The wearing of the full veil is a challenge to our republic. This is unacceptable,” the report released by a parliament commission said. “We must condemn this excess.”
“The wearing of the full veil is a challenge to our republic. This is unacceptable,” the report released by a parliament commission said. “We must condemn this excess.”
After six months of hearings, the panel of 32 lawmakers recommended a ban on the face-covering veil in all state-run institutions and offices, the broadest move yet to restrict Muslim dress in France.
The commission called on parliament to adopt a formal resolution stating that the burqa was “contrary to the values of the republic” and proclaiming that “all of France is saying ‘no’ to the full veil.”
Women who turn up at government offices wearing the full veil should be denied services such as a work visa, residency papers or French citizenship, the report recommended.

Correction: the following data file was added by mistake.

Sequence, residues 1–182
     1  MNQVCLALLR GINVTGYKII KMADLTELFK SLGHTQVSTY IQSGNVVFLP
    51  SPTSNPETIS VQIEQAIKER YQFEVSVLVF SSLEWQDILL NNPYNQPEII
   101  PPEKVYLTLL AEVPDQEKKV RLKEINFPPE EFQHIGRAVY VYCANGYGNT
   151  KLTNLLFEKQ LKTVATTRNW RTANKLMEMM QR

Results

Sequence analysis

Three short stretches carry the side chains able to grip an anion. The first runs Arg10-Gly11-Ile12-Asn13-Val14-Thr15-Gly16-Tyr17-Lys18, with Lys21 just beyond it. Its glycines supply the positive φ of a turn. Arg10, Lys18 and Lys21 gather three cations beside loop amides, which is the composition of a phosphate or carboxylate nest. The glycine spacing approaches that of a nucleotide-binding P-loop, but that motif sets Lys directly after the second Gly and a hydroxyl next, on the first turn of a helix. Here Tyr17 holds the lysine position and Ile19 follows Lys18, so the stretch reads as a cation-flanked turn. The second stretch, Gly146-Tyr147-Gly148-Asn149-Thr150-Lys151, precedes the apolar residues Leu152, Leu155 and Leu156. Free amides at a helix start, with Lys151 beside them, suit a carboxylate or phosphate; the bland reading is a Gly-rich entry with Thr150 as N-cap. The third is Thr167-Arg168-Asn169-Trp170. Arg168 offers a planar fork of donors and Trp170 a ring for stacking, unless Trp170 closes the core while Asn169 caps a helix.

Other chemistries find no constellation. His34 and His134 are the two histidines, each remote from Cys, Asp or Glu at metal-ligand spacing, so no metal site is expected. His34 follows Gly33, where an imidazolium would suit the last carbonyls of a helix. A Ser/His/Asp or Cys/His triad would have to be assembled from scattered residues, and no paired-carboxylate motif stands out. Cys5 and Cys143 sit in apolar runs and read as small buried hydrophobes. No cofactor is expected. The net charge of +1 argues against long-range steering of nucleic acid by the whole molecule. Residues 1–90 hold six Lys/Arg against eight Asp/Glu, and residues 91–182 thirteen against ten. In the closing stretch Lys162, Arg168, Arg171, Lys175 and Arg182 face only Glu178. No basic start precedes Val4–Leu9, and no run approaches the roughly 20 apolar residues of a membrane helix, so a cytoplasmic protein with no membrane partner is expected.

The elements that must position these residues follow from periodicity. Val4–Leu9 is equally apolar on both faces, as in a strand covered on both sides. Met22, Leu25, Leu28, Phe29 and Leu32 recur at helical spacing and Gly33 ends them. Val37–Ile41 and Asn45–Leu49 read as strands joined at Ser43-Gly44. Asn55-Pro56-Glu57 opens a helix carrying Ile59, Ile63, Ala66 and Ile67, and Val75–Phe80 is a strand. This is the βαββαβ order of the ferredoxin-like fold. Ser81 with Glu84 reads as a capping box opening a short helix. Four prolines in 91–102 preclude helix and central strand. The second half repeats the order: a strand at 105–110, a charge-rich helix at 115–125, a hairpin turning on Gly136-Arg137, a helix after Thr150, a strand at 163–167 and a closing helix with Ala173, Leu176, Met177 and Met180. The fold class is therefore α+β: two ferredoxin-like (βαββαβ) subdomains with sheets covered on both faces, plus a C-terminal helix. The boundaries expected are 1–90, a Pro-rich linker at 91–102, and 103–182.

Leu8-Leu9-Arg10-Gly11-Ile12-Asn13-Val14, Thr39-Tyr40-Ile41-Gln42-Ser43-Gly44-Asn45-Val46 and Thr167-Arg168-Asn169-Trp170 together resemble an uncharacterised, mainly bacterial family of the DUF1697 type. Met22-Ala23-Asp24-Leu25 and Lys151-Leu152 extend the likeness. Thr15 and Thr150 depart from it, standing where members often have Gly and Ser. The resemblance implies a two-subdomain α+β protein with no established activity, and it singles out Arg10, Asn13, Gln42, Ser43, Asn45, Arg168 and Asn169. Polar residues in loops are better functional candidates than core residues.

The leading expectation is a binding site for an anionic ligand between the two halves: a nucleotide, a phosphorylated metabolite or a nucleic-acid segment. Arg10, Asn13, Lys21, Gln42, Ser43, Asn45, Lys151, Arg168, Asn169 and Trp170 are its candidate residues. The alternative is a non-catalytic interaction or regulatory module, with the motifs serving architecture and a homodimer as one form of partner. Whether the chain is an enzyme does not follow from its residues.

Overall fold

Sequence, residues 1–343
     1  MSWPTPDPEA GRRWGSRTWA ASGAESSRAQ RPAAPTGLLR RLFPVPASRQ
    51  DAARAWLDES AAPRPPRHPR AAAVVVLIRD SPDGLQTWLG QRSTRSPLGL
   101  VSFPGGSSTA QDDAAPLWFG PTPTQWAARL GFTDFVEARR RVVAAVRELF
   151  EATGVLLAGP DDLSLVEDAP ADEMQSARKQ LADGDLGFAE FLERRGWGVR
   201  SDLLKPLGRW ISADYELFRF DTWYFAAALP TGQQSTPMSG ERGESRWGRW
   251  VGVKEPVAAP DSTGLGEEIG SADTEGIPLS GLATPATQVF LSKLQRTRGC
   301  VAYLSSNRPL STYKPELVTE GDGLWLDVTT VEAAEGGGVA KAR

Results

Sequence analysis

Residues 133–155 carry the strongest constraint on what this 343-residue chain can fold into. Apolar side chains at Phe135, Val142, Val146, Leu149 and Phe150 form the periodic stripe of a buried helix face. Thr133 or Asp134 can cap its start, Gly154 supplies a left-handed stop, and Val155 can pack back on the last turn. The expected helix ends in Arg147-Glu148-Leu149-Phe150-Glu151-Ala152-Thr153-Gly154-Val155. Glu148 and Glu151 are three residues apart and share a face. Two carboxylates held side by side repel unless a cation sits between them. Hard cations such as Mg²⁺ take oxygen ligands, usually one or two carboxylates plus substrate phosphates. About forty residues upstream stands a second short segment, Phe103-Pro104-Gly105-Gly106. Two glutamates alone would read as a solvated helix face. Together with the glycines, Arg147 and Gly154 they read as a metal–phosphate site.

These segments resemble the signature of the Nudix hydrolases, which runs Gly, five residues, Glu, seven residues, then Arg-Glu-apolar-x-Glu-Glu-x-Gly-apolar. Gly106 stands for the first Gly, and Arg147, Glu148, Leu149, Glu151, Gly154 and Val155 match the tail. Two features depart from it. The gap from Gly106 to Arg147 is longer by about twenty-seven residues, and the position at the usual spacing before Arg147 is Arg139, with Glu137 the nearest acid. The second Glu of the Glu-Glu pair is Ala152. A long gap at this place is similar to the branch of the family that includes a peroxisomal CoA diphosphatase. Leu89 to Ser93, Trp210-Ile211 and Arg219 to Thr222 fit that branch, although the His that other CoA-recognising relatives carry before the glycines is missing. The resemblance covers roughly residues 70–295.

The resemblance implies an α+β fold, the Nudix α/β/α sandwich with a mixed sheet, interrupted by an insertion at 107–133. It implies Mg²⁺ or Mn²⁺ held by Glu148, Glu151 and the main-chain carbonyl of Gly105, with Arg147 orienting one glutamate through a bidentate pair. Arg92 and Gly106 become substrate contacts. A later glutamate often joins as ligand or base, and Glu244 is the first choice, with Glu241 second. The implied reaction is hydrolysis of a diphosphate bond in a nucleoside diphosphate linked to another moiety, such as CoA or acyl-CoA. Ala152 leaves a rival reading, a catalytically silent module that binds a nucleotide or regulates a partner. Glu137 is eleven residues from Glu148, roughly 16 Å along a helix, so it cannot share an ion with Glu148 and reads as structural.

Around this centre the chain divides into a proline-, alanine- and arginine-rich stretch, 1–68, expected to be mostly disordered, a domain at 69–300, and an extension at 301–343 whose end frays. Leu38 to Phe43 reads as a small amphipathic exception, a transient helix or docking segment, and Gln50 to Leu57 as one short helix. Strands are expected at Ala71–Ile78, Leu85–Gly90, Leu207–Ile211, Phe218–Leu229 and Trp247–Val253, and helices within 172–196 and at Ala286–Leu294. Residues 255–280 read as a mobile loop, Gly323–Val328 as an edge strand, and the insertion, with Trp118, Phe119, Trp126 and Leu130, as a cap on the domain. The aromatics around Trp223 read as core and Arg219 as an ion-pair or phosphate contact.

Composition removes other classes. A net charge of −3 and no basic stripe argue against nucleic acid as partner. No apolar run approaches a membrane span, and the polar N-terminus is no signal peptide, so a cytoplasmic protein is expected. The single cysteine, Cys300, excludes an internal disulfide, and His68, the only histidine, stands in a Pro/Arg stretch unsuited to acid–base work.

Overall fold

The panel however stopped short of proposing broad legislation to outlaw the burqa on the streets or in shopping centres after cautioning that such a move would have to be reviewed by the courts to establish its legality.
“The wearing of the full veil is the tip of the iceberg,” said communist lawmaker Andre Gerin, the chair of the commission.
“There are scandalous practices hidden behind this veil,” said Gerin who vowed to fight the “gurus” seeking to export a racial brand of fundamentalism and sectarianism to France.
Home to Europe’s biggest Muslim minority, estimated at about six million, France is being closely watched at a time of particular unease over Islam, three months after Swiss voters approved a ban on minarets.
President Nicolas Sarkozy set the tone for the debate in June when he declared the burqa “not welcome” in France and described it as a symbol of women’s “subservience” that cannot be tolerated in a country that considers itself a human rights leader.